Dr. Vail is the James L. Young Professor and Chair of the Department of Orthopaedic Surgery at the University of California, San Francisco. He graduated from the Duke University School of Engineering cum laude with a degree in Mechanical Engineering and Materials Science, and earned his medical degree at the Stritch School of Medicine at Loyola University, Chicago. He completed his residency training at Duke University and joined the faculty at the Duke University School of Medicine in 1992, advancing to Professor and Director of Adult Reconstructive Surgery before being recruited to the Chair of the Department of Orthopaedic Surgery at the University of California, San Francisco in 2007. He became the James L. Young endowed Professor in 2014. Under Dr Vail’s leadership, the Department of Orthopaedic Surgery at UCSF has become an international leader in patient care, research, education, and global health.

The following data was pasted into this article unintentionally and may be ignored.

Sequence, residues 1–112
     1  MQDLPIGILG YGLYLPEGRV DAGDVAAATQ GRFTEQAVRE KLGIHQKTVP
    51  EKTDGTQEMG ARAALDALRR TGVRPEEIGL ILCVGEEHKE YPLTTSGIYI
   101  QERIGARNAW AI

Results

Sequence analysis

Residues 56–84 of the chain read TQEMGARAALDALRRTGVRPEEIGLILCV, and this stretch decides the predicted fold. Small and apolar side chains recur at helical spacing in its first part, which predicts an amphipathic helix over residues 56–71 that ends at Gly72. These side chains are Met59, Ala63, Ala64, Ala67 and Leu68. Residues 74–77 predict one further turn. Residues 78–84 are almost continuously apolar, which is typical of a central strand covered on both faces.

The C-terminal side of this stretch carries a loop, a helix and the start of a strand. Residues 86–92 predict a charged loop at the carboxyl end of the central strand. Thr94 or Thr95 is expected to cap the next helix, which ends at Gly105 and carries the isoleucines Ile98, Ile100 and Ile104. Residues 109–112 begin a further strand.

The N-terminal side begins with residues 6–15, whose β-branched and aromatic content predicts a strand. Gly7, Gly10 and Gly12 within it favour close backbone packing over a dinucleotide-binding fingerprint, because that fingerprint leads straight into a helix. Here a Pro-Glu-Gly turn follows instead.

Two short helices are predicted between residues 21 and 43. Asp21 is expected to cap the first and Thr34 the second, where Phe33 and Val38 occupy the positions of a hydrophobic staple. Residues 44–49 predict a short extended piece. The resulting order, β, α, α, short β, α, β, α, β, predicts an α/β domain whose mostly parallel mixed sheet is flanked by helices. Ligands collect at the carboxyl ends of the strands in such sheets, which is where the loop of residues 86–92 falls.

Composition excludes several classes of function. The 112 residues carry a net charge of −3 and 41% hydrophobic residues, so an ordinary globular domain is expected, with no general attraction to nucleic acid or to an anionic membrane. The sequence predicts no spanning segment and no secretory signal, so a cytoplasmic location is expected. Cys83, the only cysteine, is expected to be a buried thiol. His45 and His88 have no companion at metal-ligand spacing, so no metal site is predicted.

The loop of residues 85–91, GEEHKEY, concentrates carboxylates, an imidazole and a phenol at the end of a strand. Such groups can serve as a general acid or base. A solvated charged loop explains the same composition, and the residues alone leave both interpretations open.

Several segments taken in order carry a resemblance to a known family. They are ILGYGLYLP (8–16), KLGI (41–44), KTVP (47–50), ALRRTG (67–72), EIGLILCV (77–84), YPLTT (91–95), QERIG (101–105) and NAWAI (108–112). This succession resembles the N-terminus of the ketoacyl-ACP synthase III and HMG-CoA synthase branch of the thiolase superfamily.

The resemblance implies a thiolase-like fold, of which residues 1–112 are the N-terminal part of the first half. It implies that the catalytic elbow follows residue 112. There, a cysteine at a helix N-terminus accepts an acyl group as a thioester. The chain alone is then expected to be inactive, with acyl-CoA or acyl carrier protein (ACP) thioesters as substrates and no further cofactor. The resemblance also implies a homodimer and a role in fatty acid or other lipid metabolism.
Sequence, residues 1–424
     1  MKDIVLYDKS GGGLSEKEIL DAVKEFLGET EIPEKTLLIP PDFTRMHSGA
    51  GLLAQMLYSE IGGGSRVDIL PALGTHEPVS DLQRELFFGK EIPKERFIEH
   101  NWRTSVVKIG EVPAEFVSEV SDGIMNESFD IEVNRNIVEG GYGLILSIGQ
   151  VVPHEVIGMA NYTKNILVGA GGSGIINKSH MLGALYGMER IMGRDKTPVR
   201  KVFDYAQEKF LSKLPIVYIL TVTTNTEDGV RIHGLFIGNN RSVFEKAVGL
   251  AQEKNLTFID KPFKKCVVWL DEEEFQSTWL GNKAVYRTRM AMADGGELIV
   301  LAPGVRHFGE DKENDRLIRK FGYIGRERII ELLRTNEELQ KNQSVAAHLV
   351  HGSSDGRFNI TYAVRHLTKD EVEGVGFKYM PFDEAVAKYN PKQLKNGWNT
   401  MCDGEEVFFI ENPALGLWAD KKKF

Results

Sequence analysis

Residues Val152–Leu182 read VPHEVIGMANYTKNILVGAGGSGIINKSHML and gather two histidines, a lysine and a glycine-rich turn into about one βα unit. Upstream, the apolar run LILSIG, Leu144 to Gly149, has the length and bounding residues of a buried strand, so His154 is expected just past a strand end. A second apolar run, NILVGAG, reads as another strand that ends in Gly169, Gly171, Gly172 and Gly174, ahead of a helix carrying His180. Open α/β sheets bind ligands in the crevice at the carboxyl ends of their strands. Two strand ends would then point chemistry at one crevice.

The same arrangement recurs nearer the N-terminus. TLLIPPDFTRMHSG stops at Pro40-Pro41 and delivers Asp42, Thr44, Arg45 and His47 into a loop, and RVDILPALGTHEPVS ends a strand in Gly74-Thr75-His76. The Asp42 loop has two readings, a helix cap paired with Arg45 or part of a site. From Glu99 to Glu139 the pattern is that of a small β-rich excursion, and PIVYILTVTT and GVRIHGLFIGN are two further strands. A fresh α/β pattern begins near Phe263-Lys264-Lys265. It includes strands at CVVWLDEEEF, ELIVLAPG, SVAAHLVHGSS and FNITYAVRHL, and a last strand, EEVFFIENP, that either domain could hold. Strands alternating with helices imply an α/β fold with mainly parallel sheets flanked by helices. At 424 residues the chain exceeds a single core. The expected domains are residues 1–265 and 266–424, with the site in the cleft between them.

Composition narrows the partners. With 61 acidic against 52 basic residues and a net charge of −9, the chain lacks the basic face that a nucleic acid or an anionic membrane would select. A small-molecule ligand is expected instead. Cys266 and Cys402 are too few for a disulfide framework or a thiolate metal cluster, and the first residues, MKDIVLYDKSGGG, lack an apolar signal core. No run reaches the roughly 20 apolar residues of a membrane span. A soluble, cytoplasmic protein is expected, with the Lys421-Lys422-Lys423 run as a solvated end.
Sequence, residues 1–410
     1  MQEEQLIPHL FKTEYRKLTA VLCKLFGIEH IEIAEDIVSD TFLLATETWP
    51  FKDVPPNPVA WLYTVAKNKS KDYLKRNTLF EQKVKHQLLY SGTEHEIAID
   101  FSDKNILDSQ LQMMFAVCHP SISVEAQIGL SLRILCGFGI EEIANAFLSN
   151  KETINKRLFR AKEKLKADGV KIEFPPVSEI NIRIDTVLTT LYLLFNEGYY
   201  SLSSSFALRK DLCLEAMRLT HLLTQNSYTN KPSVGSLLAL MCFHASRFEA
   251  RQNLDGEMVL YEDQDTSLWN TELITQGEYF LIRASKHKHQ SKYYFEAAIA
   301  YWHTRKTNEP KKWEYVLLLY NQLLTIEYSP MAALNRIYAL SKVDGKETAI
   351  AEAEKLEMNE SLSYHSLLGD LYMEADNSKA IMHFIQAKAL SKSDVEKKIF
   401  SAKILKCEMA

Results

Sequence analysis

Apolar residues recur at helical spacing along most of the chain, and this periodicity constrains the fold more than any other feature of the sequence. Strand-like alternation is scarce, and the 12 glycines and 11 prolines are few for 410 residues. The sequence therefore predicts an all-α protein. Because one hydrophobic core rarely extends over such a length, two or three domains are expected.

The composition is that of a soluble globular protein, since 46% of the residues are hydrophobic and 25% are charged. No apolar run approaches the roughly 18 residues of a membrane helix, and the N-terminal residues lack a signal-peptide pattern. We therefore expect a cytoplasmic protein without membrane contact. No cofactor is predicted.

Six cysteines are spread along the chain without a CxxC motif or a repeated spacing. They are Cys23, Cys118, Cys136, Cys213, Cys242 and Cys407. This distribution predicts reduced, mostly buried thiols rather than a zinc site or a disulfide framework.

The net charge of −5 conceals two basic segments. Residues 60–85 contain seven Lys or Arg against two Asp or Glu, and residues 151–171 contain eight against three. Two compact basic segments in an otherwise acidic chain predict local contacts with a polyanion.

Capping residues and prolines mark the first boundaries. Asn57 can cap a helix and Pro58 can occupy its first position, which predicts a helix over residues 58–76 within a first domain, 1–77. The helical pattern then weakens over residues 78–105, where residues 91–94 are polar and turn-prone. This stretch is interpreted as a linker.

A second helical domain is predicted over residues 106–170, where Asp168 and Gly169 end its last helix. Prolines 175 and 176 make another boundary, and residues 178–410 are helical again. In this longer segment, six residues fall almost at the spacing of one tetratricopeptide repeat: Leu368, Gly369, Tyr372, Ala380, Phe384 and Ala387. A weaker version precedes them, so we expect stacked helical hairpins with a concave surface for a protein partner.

Dr Vail is internationally recognized as a specialist in total and partial joint replacement and surgical treatment of hip and knee conditions. He has published several hundred scientific articles, abstracts, book chapters and educational materials on many facets of hip and knee surgery, surgical training and innovation, health economics, and patient care. He is the past President of the Knee Society, the American Association of Hip and Knee Surgeons, the Eastern Orthopaedic Association, past vice-President of the American Board of Orthopaedic Surgery, and currently on the Board of Trustees for the JBJS. He has held multiple leadership positions in UCSF Health including creating and serving as the medical director of the UCSF Orthopaedic Institute, the co-Chair of the UCSF Health Finance committee, Chair of the Funds Flow committee which created the integration of professional and hospital services at UCSF, and member of the Executive Council. He has multiple patents for orthopaedic devices, has served as an industry consultant, participated on multiple scientific advisory boards, and has helped to start companies in the musculoskeletal device space.